The figures look enticing. Almost $33 billion of frozen assets is due to flow back into Iran following the lifting of sanctions, according to the Iranian central bank. Iran has the second-largest economy in the Middle East after Saudi Arabia and its economy is forecast to grow 6 percent next year if oil reaches $50 per barrel, according to Renaissance Capital.
Iranians already have a taste for Western luxury goods. They were the second-largest shopping nationality in Turkey after the Saudis in March 2016, Global Blue data shows. And a robust grey market means many of the brands are already in Iran unofficially. Three-quarters of Iran’s 79-million strong population live in cities – important for luxury sales and higher than China’s 56 percent. Iran could eventually account for up to 3 percent of global luxury demand, Exane analysts estimate, in an industry that passed $1 trillion in sales last year.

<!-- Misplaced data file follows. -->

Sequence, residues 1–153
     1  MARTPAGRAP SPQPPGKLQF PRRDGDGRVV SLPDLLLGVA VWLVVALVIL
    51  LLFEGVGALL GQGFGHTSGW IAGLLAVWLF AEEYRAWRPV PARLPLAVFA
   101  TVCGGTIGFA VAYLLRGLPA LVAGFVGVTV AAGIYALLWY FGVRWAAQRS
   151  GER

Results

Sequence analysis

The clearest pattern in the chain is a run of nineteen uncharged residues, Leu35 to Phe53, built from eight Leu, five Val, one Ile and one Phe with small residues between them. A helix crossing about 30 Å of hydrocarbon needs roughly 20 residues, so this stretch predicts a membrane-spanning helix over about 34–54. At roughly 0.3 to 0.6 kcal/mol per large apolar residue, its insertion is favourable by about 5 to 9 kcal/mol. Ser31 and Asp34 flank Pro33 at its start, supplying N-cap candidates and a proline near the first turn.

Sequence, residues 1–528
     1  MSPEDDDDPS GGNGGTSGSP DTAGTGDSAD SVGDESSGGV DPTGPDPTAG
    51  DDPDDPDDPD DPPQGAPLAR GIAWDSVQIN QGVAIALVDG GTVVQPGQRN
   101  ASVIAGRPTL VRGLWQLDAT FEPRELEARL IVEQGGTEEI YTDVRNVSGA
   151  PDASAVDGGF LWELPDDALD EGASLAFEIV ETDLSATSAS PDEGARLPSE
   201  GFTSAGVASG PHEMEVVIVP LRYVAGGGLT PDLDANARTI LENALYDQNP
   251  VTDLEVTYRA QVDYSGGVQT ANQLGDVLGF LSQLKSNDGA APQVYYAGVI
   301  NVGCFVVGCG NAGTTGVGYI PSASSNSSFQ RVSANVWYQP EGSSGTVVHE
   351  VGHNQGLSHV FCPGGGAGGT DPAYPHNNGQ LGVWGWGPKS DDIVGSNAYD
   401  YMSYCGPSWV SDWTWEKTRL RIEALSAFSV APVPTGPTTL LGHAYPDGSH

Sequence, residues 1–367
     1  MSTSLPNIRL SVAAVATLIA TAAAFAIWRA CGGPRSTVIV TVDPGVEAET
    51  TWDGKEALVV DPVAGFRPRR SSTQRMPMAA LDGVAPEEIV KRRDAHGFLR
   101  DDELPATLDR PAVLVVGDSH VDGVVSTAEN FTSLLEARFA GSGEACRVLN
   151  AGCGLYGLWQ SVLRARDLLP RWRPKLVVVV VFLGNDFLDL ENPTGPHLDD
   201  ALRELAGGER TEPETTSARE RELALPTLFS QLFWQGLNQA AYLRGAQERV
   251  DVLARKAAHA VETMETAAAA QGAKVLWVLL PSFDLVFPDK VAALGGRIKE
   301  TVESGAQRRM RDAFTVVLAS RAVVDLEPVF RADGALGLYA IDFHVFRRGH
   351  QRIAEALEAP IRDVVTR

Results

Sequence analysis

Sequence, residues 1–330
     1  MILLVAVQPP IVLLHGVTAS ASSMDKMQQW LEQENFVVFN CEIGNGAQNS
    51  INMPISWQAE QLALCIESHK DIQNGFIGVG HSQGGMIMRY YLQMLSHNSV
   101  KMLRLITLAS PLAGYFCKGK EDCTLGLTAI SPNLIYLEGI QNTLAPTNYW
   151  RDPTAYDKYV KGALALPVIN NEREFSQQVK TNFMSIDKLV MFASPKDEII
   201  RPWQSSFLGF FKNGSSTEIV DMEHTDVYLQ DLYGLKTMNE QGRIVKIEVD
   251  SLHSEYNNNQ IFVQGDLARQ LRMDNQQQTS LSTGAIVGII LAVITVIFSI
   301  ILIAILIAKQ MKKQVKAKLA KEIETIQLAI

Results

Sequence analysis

There’s a catch. Right now there is no Tehran equivalent to London’s Bond Street or New York’s Fifth Avenue. While Western-style shopping malls like the Arg and Palladium malls in Tehran are being built, there will be intense competition for the best retail space.
Meanwhile, middle-class spending power will take time to recover from the impact of sanctions. Finance is an issue: U.S. financial groups are still blocked from conducting transactions with Iranian entities, so the full range of financial services to support Iranian growth will take time to develop. Lastly, there’s political risk. Ayatollah Ali Khamenei, Iran’s supreme leader, has said he doesn’t agree with Iran importing many Western consumer goods, while tensions are mounting with Saudi.
Still, Roberto Cavalli, designer of all things leopard print, has already opened a store in Tehran. And Italy’s National Textiles and Fashion Association Sistema Moda Italia announced a trade deal with its Iranian counterpart this month to increase the presence of Italian companies in the country. With so much potential, the biggest risk might be not being there at all.